the Don Foster Dive operation is as good as it can get. 

Carol and me with a green turtle.

The reef on the west side is a little used up in places but still beautiful.  Best of all, the dive ops have done a great job keeping the predator Lion Fish at bay.  We understand that they have taken over the Bahamian reefs and as a result, the tropical fish population has declined.  The local predators don't yet see the Lion Fish as prey to be taken.  Too bad, we have always loved diving there.

Enough talk.  Most of the following pictures were taken by our friend, Howard Farr, with his GoPro camera, some by Carol and me.

A great shot of a Nurse Shark with Carol watching closely.  Nurse sharks are usually found on the bottom and are not normally aggressive,

Sunset on Baker's Beach.  Just Carol, me and our guide and camera man, Mike.

Diamond in front and me on Lady.  She was a head tossing, nose to tail trail horse, but she's still a horse.

Did I tell you that life is always an uphill battle?

Georgetown, Grand Cayman is famous for its feral chickens and this rooster is one of them.  The pictures were taken at the Bates Family park on the island's west side.

This fellow is beautiful.

They used to call her Bubbles.
We're doing a safety stop on our last dive at 20' for 3 minutes.  That's the boat above my right shoulder.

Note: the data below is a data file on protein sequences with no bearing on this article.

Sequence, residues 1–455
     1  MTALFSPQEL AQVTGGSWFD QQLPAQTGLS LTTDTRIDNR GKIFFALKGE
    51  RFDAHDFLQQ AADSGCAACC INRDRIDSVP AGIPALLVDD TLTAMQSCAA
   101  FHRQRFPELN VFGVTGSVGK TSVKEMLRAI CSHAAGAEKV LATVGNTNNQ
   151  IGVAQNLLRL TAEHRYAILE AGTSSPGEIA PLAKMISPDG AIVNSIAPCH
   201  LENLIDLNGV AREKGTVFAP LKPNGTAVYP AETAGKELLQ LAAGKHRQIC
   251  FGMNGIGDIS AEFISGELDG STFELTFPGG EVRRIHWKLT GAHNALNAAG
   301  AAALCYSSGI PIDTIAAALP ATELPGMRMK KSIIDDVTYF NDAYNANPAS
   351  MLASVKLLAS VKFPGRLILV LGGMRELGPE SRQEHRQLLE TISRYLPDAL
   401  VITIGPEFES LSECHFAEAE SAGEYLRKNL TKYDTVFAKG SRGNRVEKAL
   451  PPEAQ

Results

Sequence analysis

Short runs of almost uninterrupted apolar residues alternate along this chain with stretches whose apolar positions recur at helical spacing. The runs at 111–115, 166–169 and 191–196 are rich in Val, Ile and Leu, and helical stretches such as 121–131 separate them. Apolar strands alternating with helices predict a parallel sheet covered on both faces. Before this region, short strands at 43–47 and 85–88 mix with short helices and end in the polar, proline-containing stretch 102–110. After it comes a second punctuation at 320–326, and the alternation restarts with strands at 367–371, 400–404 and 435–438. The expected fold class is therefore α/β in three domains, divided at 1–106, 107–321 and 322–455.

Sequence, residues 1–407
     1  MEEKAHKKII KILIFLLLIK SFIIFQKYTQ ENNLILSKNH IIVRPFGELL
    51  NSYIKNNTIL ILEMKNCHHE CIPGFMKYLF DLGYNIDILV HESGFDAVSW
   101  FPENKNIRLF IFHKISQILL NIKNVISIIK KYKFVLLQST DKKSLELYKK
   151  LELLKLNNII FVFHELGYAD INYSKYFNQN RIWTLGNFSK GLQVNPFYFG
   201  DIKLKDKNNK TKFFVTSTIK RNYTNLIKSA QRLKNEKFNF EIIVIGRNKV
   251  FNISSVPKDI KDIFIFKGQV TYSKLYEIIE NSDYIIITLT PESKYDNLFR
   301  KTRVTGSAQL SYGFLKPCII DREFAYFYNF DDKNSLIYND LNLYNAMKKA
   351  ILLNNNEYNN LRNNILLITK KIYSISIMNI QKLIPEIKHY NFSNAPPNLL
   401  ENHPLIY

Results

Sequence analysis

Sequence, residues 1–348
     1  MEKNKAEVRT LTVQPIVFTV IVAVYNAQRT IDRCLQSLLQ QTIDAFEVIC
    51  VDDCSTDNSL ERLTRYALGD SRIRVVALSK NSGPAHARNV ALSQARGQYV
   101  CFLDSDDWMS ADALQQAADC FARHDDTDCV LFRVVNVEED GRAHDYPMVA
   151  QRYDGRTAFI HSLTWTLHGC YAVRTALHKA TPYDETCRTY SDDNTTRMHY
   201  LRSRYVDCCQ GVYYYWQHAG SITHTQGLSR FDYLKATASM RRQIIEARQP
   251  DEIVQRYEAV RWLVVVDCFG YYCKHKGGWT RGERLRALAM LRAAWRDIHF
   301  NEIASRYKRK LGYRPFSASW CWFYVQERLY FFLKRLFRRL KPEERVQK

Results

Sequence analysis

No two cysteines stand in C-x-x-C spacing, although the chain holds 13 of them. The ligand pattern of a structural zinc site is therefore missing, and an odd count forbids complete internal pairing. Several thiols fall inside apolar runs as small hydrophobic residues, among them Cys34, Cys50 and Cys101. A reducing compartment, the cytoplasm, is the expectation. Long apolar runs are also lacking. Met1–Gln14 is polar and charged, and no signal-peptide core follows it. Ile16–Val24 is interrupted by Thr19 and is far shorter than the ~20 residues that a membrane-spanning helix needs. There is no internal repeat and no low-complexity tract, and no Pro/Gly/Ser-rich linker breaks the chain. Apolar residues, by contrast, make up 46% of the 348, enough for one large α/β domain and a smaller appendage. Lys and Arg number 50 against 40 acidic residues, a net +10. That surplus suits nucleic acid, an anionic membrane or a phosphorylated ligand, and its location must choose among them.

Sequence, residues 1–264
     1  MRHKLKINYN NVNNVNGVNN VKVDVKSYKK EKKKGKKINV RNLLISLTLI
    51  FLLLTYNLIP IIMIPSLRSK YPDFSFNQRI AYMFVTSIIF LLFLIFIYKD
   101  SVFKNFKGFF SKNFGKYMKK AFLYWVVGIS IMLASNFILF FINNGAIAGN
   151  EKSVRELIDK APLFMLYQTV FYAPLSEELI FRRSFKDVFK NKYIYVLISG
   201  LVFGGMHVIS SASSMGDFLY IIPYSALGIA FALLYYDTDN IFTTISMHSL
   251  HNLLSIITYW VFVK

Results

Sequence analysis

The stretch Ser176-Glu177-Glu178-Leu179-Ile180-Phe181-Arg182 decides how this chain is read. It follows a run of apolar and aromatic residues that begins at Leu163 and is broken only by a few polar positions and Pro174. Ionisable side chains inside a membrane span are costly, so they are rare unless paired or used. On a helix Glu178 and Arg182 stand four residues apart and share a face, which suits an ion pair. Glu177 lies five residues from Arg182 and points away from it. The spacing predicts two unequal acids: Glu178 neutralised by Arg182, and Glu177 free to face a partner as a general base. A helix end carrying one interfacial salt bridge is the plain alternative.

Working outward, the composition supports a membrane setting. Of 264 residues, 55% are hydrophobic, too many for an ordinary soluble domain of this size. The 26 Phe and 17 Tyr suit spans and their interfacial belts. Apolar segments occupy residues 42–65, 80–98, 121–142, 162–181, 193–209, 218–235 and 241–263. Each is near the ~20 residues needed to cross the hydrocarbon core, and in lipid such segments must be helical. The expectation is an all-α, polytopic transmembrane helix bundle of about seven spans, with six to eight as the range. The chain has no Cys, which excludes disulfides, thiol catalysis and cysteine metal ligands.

On the dive pictured above, Carol and I both blew our dive profile of 60' for 50 minutes, which is never a good thing, because of nitrogen accumulation in the joints which can lead to a potentially fatal condition called the "bends."   But we saw a glimpse of two reef sharks darting in and out of the blue water over the reef's edge.  Well, most people run from sharks, but divers usually swim toward them as we did to a max depth of 81'  Battleship gray, sinuous, and lethal these girls (I have never seen a male shark) swam directly at us, so we were able to study them very closely.  It was a curious experience because one of them was being led by four tiny silver fish just in front of its snout and trailed by another larger fish (not a pilot fish), dark in color, which I did not recognize.  I can only think that they existed in some sort of symbiotic relationship.  It is always a surreal and beautiful experience to be in the presence of sharks.

Just a couple of more days and then back to the REAL world.

So long for now, from Paradise.

Tuesday, May 5, 2015

Of Course They Have Emotions

My favorite portrait of Callie, just after a bath.  Hadn't washed her face yet.  She likes the way a cloth feels on her face, but she is so impatient that I am usually wetter than she.